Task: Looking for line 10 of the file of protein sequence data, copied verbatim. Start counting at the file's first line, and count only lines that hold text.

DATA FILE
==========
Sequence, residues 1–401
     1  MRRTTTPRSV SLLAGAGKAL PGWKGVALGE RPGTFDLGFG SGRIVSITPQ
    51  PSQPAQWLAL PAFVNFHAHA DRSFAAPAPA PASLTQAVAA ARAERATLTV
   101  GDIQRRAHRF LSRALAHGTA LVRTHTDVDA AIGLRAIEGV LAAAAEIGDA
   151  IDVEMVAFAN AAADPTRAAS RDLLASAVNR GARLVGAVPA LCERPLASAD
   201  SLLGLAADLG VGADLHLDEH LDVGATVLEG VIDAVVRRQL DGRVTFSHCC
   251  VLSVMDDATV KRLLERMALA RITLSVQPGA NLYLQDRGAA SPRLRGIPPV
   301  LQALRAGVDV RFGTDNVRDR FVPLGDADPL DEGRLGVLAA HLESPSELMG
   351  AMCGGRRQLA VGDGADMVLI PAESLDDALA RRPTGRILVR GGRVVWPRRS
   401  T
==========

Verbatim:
   401  T